What is threatened and what we have to defend is waged labour, social security, labour law and the professional care sector. Today, there is ever more precariousness, there are more and more pseudo self-employed people, the informal labour market is growing. We have to stop this evolution instead of trying to compensate people with a basic income. We need new regulations for the labour market and a better social security.

Allow me to say one more thing about these two issues.

Our society has a strong demand for solidarity, co-decision and cooperation. This is necessary and useful in order to strengthen the already existing solidarity, in order to improve and to broaden our social protection with the help of all members of society. We should not be afraid of concepts that till now have mainly been used by neoliberals, such as flexibility, because many young people do want a flexibility in their favour. Who wants to work a whole life from 9 to 5? Young people want to travel, young parents want to care for their children. This is why a drastic reduction of working hours should be one of our first priorities. What I want to promote is a social protection for the whole of society, seen in terms of commons. Because this protection is ours and it is by acting together that we can improve it.

We have economic and social rights. They are the result of a decades long social struggle. We cannot just abandon them. We live in one of the world’s richest countries with one of the best social protection systems and with an excellent professional care sector. We should cherish and preserve them, we should resist every attempt at privatization, directly by our governments, indirectly by free trade agreements such as TTIP.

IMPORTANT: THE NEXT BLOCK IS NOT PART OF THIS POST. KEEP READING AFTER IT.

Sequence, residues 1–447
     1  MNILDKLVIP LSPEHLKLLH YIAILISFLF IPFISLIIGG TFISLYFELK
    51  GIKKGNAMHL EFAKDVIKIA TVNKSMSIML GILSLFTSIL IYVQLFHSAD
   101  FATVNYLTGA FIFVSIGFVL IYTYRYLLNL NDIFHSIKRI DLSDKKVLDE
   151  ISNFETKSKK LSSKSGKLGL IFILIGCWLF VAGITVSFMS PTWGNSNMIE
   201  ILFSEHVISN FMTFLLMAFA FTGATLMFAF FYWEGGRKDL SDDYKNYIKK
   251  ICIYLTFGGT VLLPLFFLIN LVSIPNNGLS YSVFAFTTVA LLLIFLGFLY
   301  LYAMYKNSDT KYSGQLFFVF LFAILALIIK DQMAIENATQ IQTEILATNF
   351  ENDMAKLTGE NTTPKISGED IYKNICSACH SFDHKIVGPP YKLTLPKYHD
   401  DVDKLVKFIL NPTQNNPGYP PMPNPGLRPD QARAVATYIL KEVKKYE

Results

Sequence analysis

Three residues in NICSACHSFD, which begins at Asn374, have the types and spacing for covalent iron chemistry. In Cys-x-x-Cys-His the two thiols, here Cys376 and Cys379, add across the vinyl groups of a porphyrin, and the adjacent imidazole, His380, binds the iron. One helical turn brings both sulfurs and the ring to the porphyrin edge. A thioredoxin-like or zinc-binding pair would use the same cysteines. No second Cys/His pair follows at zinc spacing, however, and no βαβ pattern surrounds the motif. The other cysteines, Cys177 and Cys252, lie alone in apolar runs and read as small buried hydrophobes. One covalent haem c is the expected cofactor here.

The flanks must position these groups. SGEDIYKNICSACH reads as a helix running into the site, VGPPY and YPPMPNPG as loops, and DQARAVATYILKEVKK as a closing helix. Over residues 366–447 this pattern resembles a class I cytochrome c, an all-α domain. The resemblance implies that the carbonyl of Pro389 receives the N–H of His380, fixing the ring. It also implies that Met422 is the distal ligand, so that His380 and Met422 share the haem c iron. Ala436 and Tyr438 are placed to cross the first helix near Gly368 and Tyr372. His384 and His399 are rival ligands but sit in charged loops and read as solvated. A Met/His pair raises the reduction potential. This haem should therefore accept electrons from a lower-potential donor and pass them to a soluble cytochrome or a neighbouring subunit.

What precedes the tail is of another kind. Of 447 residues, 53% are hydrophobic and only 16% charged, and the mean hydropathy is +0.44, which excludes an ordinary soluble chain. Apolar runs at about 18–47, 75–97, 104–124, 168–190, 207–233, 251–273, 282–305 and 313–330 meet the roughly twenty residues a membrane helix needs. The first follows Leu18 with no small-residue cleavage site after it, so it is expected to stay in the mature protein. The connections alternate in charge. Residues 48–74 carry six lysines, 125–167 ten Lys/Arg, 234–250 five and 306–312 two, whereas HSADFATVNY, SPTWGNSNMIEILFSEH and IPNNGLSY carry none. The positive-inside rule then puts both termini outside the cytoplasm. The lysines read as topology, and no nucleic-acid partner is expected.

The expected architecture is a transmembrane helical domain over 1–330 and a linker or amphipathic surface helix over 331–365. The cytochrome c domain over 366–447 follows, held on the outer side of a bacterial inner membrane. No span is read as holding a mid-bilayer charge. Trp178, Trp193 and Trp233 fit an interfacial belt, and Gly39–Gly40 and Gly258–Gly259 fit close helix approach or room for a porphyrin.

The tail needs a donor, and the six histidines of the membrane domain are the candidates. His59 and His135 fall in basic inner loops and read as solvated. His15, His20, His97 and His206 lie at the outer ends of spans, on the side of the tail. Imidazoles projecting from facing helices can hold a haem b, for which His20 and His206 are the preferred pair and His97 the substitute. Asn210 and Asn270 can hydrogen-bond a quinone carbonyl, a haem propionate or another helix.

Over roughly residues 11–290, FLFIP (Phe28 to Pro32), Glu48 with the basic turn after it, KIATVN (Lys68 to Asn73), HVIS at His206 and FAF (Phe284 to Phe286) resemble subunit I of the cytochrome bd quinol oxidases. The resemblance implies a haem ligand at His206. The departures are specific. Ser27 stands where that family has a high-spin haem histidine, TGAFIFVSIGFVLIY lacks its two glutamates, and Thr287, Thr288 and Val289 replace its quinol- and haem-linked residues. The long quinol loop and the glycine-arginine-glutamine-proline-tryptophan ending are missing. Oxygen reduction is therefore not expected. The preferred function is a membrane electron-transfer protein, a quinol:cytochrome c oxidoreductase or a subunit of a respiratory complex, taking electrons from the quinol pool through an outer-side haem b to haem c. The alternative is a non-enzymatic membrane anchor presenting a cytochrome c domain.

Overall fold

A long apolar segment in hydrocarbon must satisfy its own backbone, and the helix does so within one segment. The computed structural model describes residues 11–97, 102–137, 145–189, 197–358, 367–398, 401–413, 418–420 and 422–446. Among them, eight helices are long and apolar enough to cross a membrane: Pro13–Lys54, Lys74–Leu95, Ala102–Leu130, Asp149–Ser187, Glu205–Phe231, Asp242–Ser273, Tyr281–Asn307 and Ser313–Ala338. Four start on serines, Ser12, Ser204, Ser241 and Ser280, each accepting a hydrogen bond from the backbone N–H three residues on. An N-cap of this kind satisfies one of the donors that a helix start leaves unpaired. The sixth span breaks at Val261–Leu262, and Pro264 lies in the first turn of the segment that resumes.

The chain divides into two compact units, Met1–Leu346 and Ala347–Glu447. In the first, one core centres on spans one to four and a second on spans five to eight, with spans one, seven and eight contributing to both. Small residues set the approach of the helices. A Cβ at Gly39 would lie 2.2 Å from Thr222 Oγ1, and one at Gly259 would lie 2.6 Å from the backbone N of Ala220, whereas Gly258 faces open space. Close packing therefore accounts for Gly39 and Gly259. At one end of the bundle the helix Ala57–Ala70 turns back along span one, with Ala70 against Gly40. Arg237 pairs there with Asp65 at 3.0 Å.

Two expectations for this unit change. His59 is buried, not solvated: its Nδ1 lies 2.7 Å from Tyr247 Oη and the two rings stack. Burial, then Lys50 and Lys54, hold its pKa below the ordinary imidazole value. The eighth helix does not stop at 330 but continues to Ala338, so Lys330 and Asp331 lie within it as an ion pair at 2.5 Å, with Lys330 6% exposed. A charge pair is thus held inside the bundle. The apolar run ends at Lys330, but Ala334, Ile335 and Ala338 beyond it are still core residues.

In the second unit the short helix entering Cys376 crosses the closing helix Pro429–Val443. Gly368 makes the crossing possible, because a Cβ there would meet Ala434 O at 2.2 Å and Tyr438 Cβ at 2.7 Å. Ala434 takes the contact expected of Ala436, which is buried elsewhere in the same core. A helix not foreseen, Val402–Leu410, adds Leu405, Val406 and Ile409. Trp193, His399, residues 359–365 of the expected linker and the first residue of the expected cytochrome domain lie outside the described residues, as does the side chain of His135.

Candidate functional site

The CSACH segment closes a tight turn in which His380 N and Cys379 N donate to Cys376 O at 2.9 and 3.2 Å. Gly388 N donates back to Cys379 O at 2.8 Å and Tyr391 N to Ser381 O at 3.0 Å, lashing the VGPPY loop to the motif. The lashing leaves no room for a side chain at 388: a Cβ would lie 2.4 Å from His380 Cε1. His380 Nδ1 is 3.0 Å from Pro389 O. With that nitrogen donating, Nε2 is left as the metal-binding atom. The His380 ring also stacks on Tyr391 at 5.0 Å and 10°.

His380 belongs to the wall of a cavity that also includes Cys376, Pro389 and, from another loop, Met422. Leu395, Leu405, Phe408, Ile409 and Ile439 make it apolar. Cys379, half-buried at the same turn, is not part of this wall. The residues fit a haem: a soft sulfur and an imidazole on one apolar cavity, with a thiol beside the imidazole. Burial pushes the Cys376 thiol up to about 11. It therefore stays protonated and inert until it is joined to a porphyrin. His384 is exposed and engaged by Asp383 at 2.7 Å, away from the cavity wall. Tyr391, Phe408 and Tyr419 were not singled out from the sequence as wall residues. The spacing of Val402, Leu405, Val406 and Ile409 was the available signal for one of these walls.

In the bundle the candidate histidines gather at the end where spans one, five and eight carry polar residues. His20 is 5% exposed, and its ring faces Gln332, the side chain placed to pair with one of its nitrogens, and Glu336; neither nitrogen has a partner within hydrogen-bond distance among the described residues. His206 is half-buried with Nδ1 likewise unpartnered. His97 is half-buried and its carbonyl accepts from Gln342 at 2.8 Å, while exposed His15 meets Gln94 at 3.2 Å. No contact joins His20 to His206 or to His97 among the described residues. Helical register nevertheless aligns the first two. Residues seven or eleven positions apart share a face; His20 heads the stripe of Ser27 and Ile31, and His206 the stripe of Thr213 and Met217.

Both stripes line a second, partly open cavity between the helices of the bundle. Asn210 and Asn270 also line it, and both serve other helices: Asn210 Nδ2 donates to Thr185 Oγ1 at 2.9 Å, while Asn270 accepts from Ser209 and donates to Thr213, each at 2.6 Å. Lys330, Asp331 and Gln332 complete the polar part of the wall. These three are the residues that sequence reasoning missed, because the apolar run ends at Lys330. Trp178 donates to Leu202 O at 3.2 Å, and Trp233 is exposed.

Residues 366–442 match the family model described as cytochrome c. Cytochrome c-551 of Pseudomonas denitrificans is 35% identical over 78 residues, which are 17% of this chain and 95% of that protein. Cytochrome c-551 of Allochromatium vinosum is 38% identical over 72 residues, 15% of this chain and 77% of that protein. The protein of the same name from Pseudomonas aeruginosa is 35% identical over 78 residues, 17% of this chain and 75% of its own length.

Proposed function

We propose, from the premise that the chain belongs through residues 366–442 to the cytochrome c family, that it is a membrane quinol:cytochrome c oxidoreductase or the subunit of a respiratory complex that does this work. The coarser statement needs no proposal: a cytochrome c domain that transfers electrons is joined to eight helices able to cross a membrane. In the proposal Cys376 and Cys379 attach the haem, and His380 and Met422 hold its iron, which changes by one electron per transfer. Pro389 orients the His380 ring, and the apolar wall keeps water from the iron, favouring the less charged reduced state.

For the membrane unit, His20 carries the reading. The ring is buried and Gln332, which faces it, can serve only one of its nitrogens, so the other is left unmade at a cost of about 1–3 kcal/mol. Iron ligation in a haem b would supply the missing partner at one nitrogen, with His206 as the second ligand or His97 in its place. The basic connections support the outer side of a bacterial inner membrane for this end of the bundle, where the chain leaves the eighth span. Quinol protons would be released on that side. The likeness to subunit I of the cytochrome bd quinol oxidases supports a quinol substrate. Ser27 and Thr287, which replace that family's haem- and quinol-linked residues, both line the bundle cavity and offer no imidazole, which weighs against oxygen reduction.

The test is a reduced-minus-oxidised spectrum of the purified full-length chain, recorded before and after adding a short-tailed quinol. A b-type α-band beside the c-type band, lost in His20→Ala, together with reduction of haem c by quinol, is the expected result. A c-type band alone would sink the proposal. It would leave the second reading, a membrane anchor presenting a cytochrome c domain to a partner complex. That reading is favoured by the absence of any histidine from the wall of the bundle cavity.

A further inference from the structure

And yes, we need strong trade unions. Today, they are doing what they can do, but it is a fact that many young people do not trust them anymore. Yet, it is thanks to trade unions that we have paid holidays and family allowances. Today, they are under attack and we have good reasons to defend them. But we also have good reasons to ask them to reflect on their organisation. We do not live anymore in an industrial era with hierarchical and centralized labour organisation. Not only workers need social protection, but all members of society, including the unemployed, the sick and disabled people as well as the pensioners. Trade unions will have to take into account the demand for more horizontal and less hierarchical organisations, they will have to play a major social role and take to heart the interests of non-workers. My dream still is to see a strike of railway unions in order to get better allowances for the poor.

I am convinced that by promoting a better social protection, we can also change the economic system. Using the achievements of the feminist economy we can see that care should be central, that our priority should be the sustainability of life. In this way the movements that are working on social justice can join hands with the movements for climate justice and for systemic change. This is what I believe in.

Finally, one more priority: tax justice. A just society and a decent social protection are not possible without tax justice. This is why the two awards that are attributed today are perfectly in line with each other.

And for those who believe our system cannot be reformed: for thirty years now neoliberals have been reforming our whole economic, political and social system, from the European treaties and institutions to the Belgian State reform, from social protection and labour law till youth and culture policies. The time has come to stop this and to propose progressive and emancipatory reforms.

This is what Jaap Kruithof wanted us to do: to prepare the future by looking at the future, to look beyond redistribution, to reflect on system change and on radical alternatives. I hope that my research is in line with what he encouraged us to do. Thank you very much.

Ghent, 21 July 2016.